3) The Rocky Horror Picture Show

A rite of passage for freaks and theater geeks everywhere, The Rocky Horror Picture Show is a 1970s B-movie transformed into a piece of participatory theater. Midnight movies always have cult value--who but a fanatic will leave their house for a movie in the middle of the night? Over time, though, Rocky Horror has become the Midnight Movie that defines Midnight Movies, with showings in West Des Moines, IA and Hobart, IN. In this way, it serves as a kind of entré into freak culture for people in areas that might not have the most thriving cultural scene. This was certainly the case for me, heading into the Twin Cities from my sleepy suburb of Minnetonka, MN. My parents were out of town and I had a fever of 102, so I don't remember much beyond a heady combination of rebellion and flu medicine, but afterward, I felt like a Real Freak (which was exciting).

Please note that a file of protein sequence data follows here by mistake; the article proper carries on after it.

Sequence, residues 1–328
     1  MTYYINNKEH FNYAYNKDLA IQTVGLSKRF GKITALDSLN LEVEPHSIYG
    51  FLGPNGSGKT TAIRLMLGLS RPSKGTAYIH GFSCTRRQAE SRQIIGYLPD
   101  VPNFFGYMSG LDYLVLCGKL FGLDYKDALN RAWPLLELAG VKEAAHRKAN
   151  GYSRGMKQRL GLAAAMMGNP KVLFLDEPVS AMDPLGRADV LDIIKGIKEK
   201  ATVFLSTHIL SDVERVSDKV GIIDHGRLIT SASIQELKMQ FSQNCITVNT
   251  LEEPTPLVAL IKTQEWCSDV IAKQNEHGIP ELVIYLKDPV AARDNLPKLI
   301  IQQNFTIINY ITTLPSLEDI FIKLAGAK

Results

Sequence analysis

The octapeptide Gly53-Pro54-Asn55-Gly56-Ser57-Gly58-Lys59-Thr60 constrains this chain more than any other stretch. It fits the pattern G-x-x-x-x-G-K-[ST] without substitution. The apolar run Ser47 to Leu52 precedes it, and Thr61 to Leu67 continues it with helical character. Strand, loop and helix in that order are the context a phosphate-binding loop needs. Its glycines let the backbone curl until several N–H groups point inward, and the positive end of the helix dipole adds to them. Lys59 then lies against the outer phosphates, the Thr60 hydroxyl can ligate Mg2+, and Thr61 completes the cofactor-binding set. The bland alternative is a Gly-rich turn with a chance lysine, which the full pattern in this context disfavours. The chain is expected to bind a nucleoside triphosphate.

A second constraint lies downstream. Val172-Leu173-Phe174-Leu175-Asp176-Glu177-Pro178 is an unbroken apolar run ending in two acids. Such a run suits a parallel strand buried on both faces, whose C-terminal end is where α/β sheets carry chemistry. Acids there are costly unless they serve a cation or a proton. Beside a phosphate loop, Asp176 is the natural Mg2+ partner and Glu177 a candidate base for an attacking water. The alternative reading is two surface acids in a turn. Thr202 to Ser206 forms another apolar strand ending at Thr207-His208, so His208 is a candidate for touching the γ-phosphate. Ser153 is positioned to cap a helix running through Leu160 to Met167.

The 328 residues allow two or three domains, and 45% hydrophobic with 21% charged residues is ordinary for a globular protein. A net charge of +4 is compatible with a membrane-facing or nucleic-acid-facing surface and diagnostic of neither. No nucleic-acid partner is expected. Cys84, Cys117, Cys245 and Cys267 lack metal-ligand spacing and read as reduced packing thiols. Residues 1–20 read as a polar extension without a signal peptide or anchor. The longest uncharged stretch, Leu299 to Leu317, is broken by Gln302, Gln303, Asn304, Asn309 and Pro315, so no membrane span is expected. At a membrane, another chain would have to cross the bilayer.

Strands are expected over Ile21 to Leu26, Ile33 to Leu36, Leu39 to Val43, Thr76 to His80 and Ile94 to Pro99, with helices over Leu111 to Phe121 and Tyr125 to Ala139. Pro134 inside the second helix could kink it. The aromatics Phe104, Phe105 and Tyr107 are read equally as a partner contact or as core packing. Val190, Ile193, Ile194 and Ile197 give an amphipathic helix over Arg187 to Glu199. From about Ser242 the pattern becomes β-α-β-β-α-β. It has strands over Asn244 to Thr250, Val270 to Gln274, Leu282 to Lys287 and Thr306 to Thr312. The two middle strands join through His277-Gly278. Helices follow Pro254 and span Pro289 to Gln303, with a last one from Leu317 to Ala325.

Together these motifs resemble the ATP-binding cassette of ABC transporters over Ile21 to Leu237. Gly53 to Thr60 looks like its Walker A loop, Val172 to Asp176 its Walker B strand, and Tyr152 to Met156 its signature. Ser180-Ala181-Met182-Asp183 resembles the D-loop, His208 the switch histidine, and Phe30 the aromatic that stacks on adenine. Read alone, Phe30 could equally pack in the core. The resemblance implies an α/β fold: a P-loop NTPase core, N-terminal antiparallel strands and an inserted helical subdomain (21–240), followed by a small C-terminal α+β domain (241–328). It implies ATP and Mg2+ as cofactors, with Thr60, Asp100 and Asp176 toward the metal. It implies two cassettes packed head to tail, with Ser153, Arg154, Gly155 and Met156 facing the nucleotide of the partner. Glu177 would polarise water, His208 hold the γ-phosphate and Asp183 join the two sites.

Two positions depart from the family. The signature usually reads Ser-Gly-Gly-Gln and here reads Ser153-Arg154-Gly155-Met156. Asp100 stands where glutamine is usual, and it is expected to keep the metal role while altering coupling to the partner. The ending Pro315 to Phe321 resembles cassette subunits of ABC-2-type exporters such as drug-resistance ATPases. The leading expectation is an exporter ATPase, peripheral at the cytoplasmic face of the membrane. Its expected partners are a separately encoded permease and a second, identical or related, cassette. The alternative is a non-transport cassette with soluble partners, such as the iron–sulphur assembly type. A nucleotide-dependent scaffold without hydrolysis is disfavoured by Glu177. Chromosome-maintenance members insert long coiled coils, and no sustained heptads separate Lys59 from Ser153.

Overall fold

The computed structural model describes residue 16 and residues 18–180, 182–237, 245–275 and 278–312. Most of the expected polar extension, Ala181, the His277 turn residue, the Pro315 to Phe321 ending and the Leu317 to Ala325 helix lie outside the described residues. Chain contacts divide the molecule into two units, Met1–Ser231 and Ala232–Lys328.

The basic formula for Rocky Horror is like Mystery Science Theatre 3000--people yell back at the screen in response to stupid character decisions or bad acting, or as a way of participating in the action of the film. The content of the film itself might be part of what marks Rocky Horror as particularly freak-friendly. Tim Curry (whom you might remember as Wadsworth from Clue or the super-scary clown from It) plays Dr. Frank-n-Furter, a “Sweet Transvestite from Transsexual Transyvania”--the owner of the Gothic mansion where middle-American bourgies Brad and Janet find themselves after getting lost in the woods. Like horror protagonists everywhere, Brad and Janet get more than they bargained for with their stop, and they both get tricked into sleeping with Frank-n-Furter (and into eating Meat Loaf--the actor, not the dinner!).